That the shape of the surface area in contact with water varies among bird families has been noticed in the course of previous studies. It was seen to be nearly circular in land birds with a length-to-width ratio (L/W) of approximately 1.0, but oblong with an L/W of about 4 in penguins (Spheniscidae), the most aquatic of families. Birds less intimate with open water showed intermediate values for L/W.

In this chapter, we consider the interface between the distal one-third and flowing water to calculate viscous drag for feather shape geometry. Assuming the flow to be parallel to the long axis of the feather, i. e. zero angle of attack, we can derive the total drag coefficient (DC), composed of viscous pressure and frictional drag, from the computational and experimental results of studies on model ship hulls of varying length-to-diameter ratios using solutions to the Reynolds-averaged Navier–Stokes Equations [7]. For the relationship between drag coefficient and L/W, we then find

DC103=4.071e0.0595L/WE1

for values of L/W less than 7 which is within the range of feather geometry. The equation predicts that oblong shapes of the tips of contour feathers reduce drag facilitating swimming and diving, whereas a more circular shape would cause an increase in frictional drag. A similar reasoning could be applied to the shape of the area that the body of a swimming bird has in contact with water. If this area is assumed to be elliptical, a drag coefficient for body surface area in contact with water could be determined using the same equation.

In order to establish if niche-specific adaptations in feather microstructure exist among bird species, various statistical approaches should be considered. Generalized least squares estimation of coefficients for linear models have been commonly used to investigate traits within phylogeny [8, 9]. However, statistical inaccuracies due to high type I errors are widespread without accounting for the evolutionary relationships. A more appropriate approach, described by Adams and Collyer (2018), incorporates phylogeny under a Brownian motion model of evolution while performing ANOVA. This phylogenetic-ANOVA approach offers additional advantages by accounting for group aggregation within phylogeny which could influence results and overall conclusions.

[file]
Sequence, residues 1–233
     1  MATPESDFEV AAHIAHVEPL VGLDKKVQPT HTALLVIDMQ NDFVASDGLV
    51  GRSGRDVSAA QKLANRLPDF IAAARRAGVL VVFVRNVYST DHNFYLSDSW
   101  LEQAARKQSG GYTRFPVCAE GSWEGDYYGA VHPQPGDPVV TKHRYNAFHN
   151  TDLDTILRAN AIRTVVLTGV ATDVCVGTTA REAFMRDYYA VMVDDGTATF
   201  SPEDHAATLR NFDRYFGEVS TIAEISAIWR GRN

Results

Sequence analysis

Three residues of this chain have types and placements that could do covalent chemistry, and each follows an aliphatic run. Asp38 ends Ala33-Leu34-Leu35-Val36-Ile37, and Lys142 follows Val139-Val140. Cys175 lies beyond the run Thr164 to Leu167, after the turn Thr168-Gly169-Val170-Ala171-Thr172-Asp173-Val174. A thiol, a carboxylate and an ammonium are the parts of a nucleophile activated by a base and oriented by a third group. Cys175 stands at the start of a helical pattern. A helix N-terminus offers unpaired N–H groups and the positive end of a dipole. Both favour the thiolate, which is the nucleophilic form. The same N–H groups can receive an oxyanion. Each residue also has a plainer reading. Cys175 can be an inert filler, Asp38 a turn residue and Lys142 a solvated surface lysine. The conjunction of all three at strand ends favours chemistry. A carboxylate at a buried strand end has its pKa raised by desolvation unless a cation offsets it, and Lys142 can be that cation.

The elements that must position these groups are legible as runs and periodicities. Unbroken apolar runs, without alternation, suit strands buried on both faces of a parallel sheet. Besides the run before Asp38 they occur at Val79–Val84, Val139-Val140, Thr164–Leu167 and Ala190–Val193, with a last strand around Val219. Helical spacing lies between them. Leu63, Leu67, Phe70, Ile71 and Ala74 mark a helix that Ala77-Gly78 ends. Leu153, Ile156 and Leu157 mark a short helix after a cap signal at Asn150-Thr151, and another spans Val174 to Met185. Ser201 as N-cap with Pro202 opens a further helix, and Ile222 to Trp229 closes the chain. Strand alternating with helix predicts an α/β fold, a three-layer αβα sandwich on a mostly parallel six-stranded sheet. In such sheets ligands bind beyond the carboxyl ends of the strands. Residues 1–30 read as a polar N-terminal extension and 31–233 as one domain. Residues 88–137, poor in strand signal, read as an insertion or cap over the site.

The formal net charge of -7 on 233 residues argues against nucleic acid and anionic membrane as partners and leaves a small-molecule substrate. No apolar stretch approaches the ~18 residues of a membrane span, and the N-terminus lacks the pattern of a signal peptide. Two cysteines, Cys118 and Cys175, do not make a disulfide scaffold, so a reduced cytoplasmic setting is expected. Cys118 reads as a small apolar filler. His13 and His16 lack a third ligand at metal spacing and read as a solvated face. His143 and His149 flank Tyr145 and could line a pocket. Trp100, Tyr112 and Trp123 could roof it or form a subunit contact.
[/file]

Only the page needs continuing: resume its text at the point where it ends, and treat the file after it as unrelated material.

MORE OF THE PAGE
Our hypothesis is that water birds have contour feathers that exhibit in their shapes adaptations to reducing viscous drag according to their interaction with open water.

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2. Methods

The measurements on contour feathers were performed on abdominal feathers as these are considered to be most representative of interaction with water. The primary source of feathers was the same as used for earlier studies which included water bird species from 11 orders and, for comparison, land bird species from 9 orders [10]. The species entered in this study are compiled in Table 1, using English names and taxonomic sequence suggested by Handbook of the Birds of the World [11].

ID#Bird NameFN GroupL/WDC (10−3)
1Jackass Penquin, S. demersusAquatic Dive3.43.326
2Magellanic Penquin, S. magellanicusAquatic Dive43.209
3Gentoo Penguin, P. papuaAquatic Dive3.333.339
4Rockhopper Penguin, E. chrysocomeAquatic Dive3.43.326
5Great Northern Diver, G. immerAquatic Dive2.853.437
6Little Grebe, T. ruficollisAquatic Dive23.615
7Black-necked Grebe, P. nigricollisAquatic Dive1.733.673
8Yellow-nosed Albatross, T. chlororhynchosAquatic Surface1.873.643
9Great-winged Petrel, P. macropteraAquatic Aerial2.373.536
10Blue Petrel, H. caeruleaAquatic Surface2.753.457
11Gray Petrel, P. cinereaAquatic Surface3.133.38
12European Storm-Petrel, H. pelagicusAquatic Aerial23.615
13Common Diving-Petrel, P. urinatrixAquatic Dive1.633.695
14Great White Pelican, P. onocrotalusAquatic Surface2.683.472
15Pink-backed Pelican, P. rufescensAquatic Surface2.173.579